Sharon believes her role is responsible for setting her apprentices and other employees off on a journey which inspires them to inspire others. 

After the coffee break, Jen Longden from Hull College Group described her experience as a woman growing up in Hull. When she called her dad to say she had been asked to speak at the conference, his response was – ‘what the bloody hell have they asked you to do that for? Was Michelle Obama not in Coventry that day!’ 

She told a story from when she was 13 about how her mum woke her up one Saturday morning telling her she was going to the hairdressers. Jen was very happy to be getting her haircut – but when they arrived, her mum said she would pick her up at 5pm as she had got her a job there! She has never been out of work since. 

Jen’s excellent ethos about life is ‘you have to crack on and go out in every weather with a smile on your face’. She ultimately believes the students at Hull college have the same opportunities as anyone else, but they need the right people in front of them. 

Her lessons learnt included: 

  1. Every day is a school day  
  1. Everyone is winging it! We are doing the best we can with the knowledge we have on that day 
  1. Be kind – she remembers vividly a male colleague asking if she was fertile because she had not had kids by 30 
  1. Keep it real – be yourself 

Next up was Stella Mbubaegbu, the first black, female principal of an FE college. Stella told of the harrowing experience of her family becoming refugees because of the war in Nigeria. They lost everything and she only has 1 photo of herself before the age of 13. It taught her that things are not important – people are. Her mother instilled in her that she could do anything and taught her to walk tall. 

She feels privileged to lead the opportunity to provide chances for the young people of Portsmouth as the principal of Highbury College. Stella read a powerful poem called Ithaka which included the quote:  

‘Keep Ithaka always in your mind. Arriving there is what you are destined for. But don’t hurry the journey at all’ 

Emma Shipstone is the director of skills and apprenticeships at Maximus Training. Emma was actually one of the first ever apprentices on the YTS scheme in the 80s. Her dad was very disappointed as he wanted her to go to university – however he now calls her to ask for advice on the apprentices he employs! 

Emma showed a powerful video which left many in the audience close to tears. 

Harvinder Atwal, the MD for functional skills software BKSB, spoke very honestly about her upbringing and the journey her family had emigrating to the UK in the 1960s. Her dad and uncle were told they had to shave their beards and remove their turbans to work in a factory in Leicester. She told the story of her arranged marriage – how her mother encouraged her to go to university despite others in the family not seeing the point, as once she was married, she wouldn’t be expected to work. Harvinder shared that she had a privileged upbringing and even described herself as a spoilt brat at 17 as her dad gave her whatever she wanted. The first arranged marriage did not happen but the second did. Still married to this day, Harvinder’s husband told her during their honeymoon – ‘I may not be your dad, but I will do my best for you’. Harvinder is now passionate about taking BKSB to India to support maths and English skills over there, as her mum could not read or write.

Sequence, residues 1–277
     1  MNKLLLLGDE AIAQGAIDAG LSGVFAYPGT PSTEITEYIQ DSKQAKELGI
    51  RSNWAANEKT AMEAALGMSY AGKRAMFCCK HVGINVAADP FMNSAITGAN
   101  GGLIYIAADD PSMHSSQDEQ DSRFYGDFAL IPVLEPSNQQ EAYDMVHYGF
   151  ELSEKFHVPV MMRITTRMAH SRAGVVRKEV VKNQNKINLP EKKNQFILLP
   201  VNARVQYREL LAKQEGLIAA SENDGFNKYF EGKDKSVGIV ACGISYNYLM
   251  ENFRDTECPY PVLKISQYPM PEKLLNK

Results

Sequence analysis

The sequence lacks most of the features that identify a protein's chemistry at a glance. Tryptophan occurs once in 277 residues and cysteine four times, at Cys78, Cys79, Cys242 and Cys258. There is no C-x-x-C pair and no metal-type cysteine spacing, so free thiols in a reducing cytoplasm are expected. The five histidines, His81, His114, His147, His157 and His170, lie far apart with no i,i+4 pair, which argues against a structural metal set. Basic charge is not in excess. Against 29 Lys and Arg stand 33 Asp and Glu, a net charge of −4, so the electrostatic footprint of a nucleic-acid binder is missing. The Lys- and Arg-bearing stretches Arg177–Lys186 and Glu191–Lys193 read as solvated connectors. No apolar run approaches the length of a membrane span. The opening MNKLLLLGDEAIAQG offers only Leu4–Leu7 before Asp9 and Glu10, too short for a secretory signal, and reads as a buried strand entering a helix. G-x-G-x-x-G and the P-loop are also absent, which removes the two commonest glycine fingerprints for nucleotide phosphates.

The final speakers before lunch were Jenny Taylor from IBM and Megan Murray, one of IBM’s degree-level apprentices. Jenny is really proud of IBM’s cohort demographic of 42% women which is much higher than the national average. She said it takes time and effort to recruit to that level of diversity. She is honoured to be able to make an impact because of her position.  

Megan Murray, their apprentice, spoke about her experience – she said that balancing a degree and work was challenging but it was a fantastic opportunity. She found the males on the programme were really supportive of the females. 

She now goes into schools to encourage more girls into the sector. 

Jenny finished before lunch by saying ‘If you see something you don’t think is right, call it out or else things won’t change. Be brave.’ 

The afternoon session was just as inspiring as the morning – stay tuned to hear the afternoon highlights.